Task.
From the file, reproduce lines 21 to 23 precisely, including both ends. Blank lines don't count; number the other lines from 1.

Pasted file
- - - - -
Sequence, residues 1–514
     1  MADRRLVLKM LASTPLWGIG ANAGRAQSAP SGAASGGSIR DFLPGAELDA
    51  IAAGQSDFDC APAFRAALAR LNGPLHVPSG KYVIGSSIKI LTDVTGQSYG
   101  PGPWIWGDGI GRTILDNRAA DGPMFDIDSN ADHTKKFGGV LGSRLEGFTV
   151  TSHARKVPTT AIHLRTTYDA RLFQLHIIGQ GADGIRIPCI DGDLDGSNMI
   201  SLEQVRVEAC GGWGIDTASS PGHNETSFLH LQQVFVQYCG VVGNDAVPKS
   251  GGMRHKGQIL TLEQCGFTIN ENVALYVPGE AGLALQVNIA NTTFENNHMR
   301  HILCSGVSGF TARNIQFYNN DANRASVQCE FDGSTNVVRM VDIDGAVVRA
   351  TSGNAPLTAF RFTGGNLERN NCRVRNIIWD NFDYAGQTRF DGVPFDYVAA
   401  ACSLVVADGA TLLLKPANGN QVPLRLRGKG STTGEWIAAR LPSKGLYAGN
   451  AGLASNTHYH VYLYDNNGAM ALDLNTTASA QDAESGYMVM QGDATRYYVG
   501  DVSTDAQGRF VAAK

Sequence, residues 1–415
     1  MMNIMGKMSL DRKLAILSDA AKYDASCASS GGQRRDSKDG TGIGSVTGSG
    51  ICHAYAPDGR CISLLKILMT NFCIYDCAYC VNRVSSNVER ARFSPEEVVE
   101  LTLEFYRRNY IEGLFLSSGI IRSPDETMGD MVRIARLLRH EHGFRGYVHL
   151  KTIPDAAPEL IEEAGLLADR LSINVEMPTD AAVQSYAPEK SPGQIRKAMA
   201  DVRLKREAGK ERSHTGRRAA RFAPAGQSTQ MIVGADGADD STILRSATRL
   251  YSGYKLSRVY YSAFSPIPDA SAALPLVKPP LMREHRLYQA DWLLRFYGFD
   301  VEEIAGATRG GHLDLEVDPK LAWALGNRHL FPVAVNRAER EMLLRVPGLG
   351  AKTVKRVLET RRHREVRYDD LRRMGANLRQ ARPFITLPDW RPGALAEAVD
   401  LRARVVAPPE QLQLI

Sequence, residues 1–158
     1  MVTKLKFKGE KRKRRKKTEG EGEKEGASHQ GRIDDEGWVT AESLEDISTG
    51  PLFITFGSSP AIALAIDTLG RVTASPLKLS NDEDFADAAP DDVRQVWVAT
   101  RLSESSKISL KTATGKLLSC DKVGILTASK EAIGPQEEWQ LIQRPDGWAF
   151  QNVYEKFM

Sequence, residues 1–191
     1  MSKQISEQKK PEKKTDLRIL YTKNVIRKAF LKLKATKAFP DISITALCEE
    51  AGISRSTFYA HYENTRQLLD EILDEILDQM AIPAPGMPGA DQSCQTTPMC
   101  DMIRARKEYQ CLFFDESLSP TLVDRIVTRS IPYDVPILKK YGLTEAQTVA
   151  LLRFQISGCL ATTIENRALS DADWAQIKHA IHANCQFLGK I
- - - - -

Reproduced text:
   351  AKTVKRVLET RRHREVRYDD LRRMGANLRQ ARPFITLPDW RPGALAEAVD
   401  LRARVVAPPE QLQLI

Sequence, residues 1–158